A-level Physics (Advancing Physics)/Specific Heat Capacity

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It takes energy to heat things up, since heat is work. If we heat a more massive thing up, it takes more work, because we have to give more particles, on average, an energy kT. Some substances require more work to heat up than others. This property is known as specific heat capacity. This gives us the formula:


where ΔE is the work put in to heating something up (in J), m is the mass of the thing we are heating up (in kg), c is the specific heat capacity (in Jkg−1K−1), and Δθ is the difference in temperature due to the work done on the substance (in degrees Celsius or Kelvin). Note that some textbooks may replace ∆E with Q or q, and ∆θ with ∆T, however they represent the same concepts.

It should be noted that the specific heat capacity changes slightly with temperature, and more than slightly when the material changes state. A table of the specific heat capacities of various substances is given below:

Substance State Temperature (°C) Specific Heat Capacity (kJkg−1K−1)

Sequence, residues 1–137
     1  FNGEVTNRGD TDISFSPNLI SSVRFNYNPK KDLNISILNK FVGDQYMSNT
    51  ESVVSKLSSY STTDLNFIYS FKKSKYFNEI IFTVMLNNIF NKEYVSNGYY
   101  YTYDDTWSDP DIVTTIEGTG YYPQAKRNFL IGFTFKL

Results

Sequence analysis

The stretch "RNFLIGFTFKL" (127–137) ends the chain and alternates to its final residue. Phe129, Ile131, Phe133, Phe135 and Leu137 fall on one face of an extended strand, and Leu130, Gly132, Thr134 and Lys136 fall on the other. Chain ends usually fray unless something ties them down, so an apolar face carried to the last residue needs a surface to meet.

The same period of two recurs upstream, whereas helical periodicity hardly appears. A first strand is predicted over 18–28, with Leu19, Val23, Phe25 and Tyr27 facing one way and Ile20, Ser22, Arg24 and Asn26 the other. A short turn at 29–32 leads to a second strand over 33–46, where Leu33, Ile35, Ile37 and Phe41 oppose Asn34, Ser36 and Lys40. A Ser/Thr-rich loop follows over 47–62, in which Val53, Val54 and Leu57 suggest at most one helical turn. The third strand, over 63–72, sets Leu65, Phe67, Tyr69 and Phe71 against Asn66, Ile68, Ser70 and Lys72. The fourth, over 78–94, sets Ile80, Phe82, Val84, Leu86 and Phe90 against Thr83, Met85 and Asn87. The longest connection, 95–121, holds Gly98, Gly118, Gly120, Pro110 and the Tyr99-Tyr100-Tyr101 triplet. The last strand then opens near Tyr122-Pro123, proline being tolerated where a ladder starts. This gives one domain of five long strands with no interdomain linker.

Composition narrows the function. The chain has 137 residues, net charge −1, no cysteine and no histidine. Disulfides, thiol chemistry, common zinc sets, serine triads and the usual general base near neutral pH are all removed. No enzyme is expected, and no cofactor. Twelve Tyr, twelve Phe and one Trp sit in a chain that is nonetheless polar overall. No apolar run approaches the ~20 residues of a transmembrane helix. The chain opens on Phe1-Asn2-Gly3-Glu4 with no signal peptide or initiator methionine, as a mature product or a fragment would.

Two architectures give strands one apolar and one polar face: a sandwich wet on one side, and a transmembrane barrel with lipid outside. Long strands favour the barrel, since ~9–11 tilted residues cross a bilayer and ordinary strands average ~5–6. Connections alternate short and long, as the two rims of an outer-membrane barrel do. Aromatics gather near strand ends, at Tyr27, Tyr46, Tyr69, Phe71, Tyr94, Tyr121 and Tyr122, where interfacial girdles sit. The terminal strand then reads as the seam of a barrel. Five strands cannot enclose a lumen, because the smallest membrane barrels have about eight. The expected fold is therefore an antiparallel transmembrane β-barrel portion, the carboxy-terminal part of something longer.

Air gas 23 1.01
Aluminium solid 25 0.90
Animal (and human) tissue mixed 25 3.5
Argon gas 25 0.52
Copper solid 25 0.39
Glass solid 25 0.84
Helium gas 25 5.19
Hydrogen gas 25 14.3
Iron solid 25 0.45
Lead solid 25 0.13
Nitrogen gas 25 1.04
Oxygen gas 25 0.92
Uranium solid 25 0.12
Water solid -10 2.05
Water liquid 25 4.18
Water gas 100 2.08

Questions[edit | edit source]

1. How much work would it take to heat 100 kg of liquid water from 20 °C to 36.8 °C?

2. How much work would it take to heat a well-insulated room from 15 °C to 21 °C, if the room is a cube with side length 10m, and the density of the air is 1.2kgm−3?

3. A 10 kg block of iron at 80 °C is placed in the room above once it has reached 21 °C. If the iron cools by 40 °C, what is the new temperature of the room?

Worked Solutions